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New inductees to the American Academy of Arts and Letters; Cathy Park Hong in conversation with Charles Yu

Cathy Park Hong

In an effort to make its membership more diverse, the American Academy of Arts and Letters, once made up almost entirely of Christian white men, is increasing the number of inductees for the first time since 1908. “We’re expanding the membership so that it is more clearly representative of this country,” says the academy’s president, architect Billie Tsien. “Also, it’s a matter of numbers. When the academy was first established, the population was much smaller. Now there are more people, and more kinds of people.” New writers who have been inducted this year include US poet laureate Joy Harjo, author-journalist Ta-Nehisi Coates, poet Kevin Young, former US poet laureate and Pulitzer Prize winner Tracy K. Smith, and critic Hilton Als.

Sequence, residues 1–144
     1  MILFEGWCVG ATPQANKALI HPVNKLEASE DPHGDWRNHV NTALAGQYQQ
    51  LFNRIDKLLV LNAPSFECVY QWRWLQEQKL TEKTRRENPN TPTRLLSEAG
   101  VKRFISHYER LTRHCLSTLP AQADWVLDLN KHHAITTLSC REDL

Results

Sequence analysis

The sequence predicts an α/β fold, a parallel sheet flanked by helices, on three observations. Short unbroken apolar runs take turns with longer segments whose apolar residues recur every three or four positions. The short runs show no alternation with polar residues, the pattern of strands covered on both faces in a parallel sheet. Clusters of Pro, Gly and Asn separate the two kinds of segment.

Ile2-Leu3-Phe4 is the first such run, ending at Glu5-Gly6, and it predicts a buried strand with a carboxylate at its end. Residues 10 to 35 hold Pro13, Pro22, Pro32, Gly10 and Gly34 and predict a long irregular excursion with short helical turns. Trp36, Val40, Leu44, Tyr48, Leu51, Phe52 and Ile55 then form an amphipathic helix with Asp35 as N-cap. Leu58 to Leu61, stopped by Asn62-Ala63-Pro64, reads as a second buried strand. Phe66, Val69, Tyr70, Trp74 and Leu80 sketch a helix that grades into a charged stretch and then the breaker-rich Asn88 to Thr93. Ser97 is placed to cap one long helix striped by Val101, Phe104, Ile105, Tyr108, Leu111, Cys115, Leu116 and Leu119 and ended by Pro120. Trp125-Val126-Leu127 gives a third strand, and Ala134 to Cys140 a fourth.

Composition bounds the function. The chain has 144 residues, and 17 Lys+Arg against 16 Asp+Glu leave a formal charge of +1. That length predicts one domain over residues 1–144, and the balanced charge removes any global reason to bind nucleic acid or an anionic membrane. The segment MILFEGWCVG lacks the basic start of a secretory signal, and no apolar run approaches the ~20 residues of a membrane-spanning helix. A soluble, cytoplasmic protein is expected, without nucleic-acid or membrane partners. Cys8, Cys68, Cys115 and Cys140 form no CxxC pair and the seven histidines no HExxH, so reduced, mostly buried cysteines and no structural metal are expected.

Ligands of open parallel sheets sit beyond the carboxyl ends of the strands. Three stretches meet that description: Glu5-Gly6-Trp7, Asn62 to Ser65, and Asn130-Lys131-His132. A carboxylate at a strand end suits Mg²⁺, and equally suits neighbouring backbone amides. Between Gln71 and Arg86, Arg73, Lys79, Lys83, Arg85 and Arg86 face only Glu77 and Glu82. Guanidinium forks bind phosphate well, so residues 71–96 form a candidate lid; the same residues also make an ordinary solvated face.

The New York Times has added an editor’s note to Emily Mortimer’s “How ‘Lolita’ Escaped Obscenity Laws and Cancel Culture,” which has been adapted from the anthology Lolita in the Afterlife, which comes out next week. The note reads: “An earlier version of this essay included several sentences adapted, without attribution, from an article by Caitlin Flanagan, ‘How “Lolita” Seduces Us All,’ that appeared in the September 2018 issue of The Atlantic. The essay has been revised to attribute those passages.”

Michelle Dean, a book critic and the author of Sharp: The Women Who Made an Art of Having an Opinion, has been hired to write Stolen Time, a biopic about the wrongfully convicted death row inmate Sonia “Sunny” Jacobs. Jacobs and her husband, Jesse Tafero, were convicted of the fatal shooting of two police officers based on false testimony. According to Deadline, Dean and the movie’s producer Juliet Blake “are reviewing over 2,500 personal letters sent between Jacobs and Tafero during their fifteen-year incarceration.”

In a high-six-figure deal, Ecco has purchased Shelby Van Pelt’s debut novel, Remarkably Bright Creatures, about a widow, an octopus, and a grifter who join forces to “unlock a truth tied to [the widow’s] son’s disappearance 30 years ago.” The novel, which will be released in 2022, has also been purchased in a number of international deals.

Tonight at 8 PM Eastern time, Charles Yu, author of the National Book Award–winning Interior Chinatown will participate in a discussion with Cathy Park Hong to celebrate the paperback release of her book Minor Feelings: An Asian American Reckoning. You can register here.